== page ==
Thermaltake toughpower doesn't make the best psu's in the world. They are probally a middle of the road player. This Psu is still overkill though for your current setup. It will easly power all your stuff but the quality of the psu isn't the best. I wouldn't consider this a dangerous psu for your rig but keep an eye on it. If this thing starts failing swap it before it kills something else.

For case: you can save a bunch of money if you go with the Antec 1200. This is a full size tower like the lian li and (i think) keep air moving through the case much better. Can save a few bucks by doing this. Lian li yes makes great cases but Antec is just below them in quality. For preformance they may even beat them.

I see your wanting 10 500 gig drives? with this in consideration are you using a raid controller? I'm a bit confused what you mean that they are being split across users.
Related resources
December 5, 2008 3:53:41 PM

I heard this about that motherboard:

Quote:
Just wonder if anybody has problems with Gigabyte GA EX58 UD5. It is one of the latest socket 1366 motherboard for the Intel i7 processors.

The mobo board was bought with a Intel i7 920 and populated by 6 Gb of 1333Mhz ram. It can be configured to run dual channel by omitting the 3rd channel.

My main issues with it are

(1) The 2 Realtek 8111D RJ45 network interfaces don't work with Vista home, both the 32bit and 64bit versions. With the as-shipped Bios Vista can sees them as faulty hardware but could not fire them up.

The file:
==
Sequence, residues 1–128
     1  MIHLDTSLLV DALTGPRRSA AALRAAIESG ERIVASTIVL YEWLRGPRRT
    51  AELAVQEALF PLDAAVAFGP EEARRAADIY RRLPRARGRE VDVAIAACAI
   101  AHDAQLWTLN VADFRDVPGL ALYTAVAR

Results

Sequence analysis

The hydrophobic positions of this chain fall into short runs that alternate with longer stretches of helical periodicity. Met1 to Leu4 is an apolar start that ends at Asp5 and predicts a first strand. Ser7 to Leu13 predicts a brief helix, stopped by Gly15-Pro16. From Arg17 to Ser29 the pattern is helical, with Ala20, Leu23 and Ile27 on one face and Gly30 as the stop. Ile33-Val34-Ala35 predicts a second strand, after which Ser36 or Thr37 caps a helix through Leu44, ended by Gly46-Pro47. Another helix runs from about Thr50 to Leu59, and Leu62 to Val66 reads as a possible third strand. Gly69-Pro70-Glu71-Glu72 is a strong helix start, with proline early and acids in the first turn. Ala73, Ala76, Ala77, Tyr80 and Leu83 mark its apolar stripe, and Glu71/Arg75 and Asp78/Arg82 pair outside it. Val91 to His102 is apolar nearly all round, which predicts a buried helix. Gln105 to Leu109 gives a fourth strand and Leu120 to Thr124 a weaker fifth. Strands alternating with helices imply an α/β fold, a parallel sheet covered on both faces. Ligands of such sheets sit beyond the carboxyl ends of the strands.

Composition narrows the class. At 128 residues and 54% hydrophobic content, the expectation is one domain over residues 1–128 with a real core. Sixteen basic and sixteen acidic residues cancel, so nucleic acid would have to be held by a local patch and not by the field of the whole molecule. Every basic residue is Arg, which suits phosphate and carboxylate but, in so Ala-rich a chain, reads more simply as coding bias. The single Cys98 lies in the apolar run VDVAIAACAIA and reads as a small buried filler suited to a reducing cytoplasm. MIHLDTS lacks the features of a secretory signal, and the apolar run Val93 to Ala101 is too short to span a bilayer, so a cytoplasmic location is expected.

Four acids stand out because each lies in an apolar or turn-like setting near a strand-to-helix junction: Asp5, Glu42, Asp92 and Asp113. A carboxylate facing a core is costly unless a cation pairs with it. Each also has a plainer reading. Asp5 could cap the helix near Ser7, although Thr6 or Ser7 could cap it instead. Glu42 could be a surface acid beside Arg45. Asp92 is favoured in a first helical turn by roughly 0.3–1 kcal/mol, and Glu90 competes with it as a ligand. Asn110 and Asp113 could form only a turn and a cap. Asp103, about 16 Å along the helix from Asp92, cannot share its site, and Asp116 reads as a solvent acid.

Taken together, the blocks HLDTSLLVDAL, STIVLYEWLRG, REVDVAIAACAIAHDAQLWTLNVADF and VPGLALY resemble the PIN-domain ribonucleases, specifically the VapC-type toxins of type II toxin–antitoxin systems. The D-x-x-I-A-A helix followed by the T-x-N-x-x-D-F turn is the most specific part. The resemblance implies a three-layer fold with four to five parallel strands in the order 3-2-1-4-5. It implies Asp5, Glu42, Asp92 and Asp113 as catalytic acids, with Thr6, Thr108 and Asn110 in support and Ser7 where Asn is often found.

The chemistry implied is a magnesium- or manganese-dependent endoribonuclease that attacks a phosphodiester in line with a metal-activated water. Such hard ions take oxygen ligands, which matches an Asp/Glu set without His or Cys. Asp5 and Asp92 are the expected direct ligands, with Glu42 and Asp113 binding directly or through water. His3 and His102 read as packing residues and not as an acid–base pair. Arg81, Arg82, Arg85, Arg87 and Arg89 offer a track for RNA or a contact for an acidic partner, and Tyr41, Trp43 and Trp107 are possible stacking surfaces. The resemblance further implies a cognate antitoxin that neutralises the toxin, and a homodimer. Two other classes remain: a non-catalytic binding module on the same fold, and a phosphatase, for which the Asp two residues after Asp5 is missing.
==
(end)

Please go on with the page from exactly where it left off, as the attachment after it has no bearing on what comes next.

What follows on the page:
The 2 nic interfaces are detected by the Bios as it can test its presence and report the length of the network cable to the router.

The above may be conceived as a Vista's own problem. However if I upgrade the Award Bios version from F2 to F3 these 2 network interfaces disappear! Thus Gigabyte's way to curing the problem is to hide them. I know this because the Bios will no longer detect the network interfaces after the Bios update. What is more if I reset the Bios back to the as-shipped F2 version everything reverts back to the original condition - Vista sees the network interfaces which are reported faulty.

(2) I could not load Xp onto this mobo. The error is IRQL_NOT_LESS_OR_EQUAL. This happens regardless I use a Pata or Sata hard disk, Xp home or Xp professional, 3-channel or dual channel memory configuration. A mobo has to be pretty bad to be not able to accept a Xp installation.

December 5, 2008 3:55:45 PM

opps I take back my bad words about the psu. I appoglize for not being up to snuff on that one
December 5, 2008 3:56:53 PM

Western Digital 640s are better then the seagates. More then one of those Seagates will fail ASAP. I used to use Seagate only, but thaey have gone down hill.

Your motherboard only has 10 sata ports, so you wont beable to run the 11 drives and a dvd drive, unless you have a add in controller.
December 5, 2008 4:24:14 PM

I say get bigger drives and fewer of them. Also. consider a couple large external drives for low access storage. I use one to keep my avi files on before I get around to editing/encoding. That way, if I have a failed drive I won't loose my original. I delete after I am done. I can understand wanting drives for different tasks but why 10? How are you going to set them up exactly ?